The enormous iron padlock on the doors of the wall cupboard was the only object in the room on which the eye could rest without becoming afflicted by the miserable unloveliness of forms and the poverty of material. Unsaleable in the ordinary course of business on account of its noble proportions, it had been ceded to the Professor for a few pence by a marine dealer in the east of London. The room was large, clean, respectable, and poor with that poverty suggesting the starvation of every human need except mere bread. There was nothing on the walls but the paper, an expanse of arsenical green, soiled with indelible smudges here and there, and with stains resembling faded maps of uninhabited continents.
At a deal table near a window sat Comrade Ossipon, holding his head between his fists. The Professor, dressed in his only suit of shoddy tweeds, but flapping to and fro on the bare boards a pair of incredibly dilapidated slippers, had thrust his hands deep into the overstrained pockets of his jacket. He was relating to his robust guest a visit he had lately been paying to the Apostle Michaelis. The Perfect Anarchist had even been unbending a little.
“The fellow didn’t know anything of Verloc’s death. Of course! He never looks at the newspapers. They make him too sad, he says. But never mind. I walked into his cottage. Not a soul anywhere. I had to shout half-a-dozen times before he answered me. I thought he was fast asleep yet, in bed. But not at all. He had been writing his book for four hours already. He sat in that tiny cage in a litter of manuscript. There was a half-eaten raw carrot on the table near him. His breakfast. He lives on a diet of raw carrots and a little milk now.”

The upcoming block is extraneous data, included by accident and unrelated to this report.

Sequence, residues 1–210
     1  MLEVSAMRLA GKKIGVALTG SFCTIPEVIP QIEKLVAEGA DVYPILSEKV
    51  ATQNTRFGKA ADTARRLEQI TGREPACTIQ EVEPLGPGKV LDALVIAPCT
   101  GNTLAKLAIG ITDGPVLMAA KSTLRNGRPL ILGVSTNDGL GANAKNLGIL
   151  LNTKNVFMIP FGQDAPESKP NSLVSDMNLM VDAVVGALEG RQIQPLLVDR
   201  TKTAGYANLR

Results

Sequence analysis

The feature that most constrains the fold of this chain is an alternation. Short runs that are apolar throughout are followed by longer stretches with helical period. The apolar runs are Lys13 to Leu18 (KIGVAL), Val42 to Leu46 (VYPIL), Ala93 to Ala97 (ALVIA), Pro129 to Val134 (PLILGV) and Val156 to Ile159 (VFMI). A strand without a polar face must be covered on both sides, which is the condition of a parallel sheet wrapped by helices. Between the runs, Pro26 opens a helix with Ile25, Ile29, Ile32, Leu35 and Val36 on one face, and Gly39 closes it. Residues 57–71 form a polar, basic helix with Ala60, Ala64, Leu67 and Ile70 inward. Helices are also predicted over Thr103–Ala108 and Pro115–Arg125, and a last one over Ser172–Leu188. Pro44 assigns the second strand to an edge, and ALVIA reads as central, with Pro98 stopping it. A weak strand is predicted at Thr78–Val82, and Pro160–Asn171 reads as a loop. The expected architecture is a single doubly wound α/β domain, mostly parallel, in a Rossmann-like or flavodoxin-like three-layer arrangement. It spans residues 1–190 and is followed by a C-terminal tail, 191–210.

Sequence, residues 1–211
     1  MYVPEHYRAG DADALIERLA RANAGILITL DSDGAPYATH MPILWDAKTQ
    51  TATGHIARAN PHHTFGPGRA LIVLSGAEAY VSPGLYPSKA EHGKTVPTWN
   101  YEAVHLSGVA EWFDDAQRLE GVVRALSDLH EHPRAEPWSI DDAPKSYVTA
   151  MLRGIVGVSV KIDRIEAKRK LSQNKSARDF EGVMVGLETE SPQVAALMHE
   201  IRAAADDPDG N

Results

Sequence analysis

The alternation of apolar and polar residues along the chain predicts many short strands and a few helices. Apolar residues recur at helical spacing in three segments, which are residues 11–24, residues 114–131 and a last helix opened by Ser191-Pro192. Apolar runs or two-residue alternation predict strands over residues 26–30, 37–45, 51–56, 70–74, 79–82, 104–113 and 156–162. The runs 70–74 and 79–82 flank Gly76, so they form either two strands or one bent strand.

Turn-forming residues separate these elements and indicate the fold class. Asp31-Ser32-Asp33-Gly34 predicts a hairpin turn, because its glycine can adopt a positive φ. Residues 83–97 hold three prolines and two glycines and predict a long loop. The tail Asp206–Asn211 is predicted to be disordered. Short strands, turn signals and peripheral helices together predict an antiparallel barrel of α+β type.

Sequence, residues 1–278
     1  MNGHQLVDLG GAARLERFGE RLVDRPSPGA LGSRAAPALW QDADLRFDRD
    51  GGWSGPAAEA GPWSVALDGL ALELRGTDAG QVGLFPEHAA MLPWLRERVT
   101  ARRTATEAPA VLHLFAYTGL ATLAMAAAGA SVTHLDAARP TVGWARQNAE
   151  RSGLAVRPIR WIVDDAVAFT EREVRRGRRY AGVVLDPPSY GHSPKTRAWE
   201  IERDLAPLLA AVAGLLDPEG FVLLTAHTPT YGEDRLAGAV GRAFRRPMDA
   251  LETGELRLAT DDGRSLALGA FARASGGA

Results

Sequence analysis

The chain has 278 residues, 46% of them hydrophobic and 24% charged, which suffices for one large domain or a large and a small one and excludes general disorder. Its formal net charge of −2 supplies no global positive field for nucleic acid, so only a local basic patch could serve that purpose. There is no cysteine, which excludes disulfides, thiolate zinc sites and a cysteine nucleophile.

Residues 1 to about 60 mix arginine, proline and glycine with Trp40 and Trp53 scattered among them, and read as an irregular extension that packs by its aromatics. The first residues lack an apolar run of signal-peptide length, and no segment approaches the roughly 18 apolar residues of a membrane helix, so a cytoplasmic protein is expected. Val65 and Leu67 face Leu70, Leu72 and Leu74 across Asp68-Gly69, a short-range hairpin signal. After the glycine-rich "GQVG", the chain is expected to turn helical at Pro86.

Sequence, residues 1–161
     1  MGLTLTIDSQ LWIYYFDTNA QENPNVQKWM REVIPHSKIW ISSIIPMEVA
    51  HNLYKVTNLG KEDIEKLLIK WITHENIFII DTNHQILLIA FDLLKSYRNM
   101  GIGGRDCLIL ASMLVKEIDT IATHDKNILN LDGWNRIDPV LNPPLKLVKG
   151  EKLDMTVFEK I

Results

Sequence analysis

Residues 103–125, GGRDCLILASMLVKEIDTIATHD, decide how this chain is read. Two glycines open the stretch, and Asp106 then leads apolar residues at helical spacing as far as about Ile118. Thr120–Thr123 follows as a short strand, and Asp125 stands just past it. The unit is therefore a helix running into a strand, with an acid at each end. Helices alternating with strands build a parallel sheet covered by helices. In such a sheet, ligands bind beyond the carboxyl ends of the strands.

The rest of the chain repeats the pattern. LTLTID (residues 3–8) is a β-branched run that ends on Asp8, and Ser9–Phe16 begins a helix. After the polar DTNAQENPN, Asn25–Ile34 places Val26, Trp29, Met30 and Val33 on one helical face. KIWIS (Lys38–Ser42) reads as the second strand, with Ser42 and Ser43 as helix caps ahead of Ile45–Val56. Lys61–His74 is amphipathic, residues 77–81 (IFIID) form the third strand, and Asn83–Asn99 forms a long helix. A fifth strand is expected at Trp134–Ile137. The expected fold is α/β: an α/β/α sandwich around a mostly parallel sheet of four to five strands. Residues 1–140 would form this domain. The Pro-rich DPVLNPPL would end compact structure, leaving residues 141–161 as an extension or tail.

“How does he look on it?” asked Comrade Ossipon listlessly.
“Angelic. . . . I picked up a handful of his pages from the floor. The poverty of reasoning is astonishing. He has no logic. He can’t think consecutively. But that’s nothing. He has divided his biography into three parts, entitled—‘Faith, Hope, Charity.’ He is elaborating now the idea of a world planned out like an immense and nice hospital, with gardens and flowers, in which the strong are to devote themselves to the nursing of the weak.”
The Professor paused.
“Conceive you this folly, Ossipon? The weak! The source of all evil on this earth!” he continued with his grim assurance. “I told him that I dreamt of a world like shambles, where the weak would be taken in hand for utter extermination.”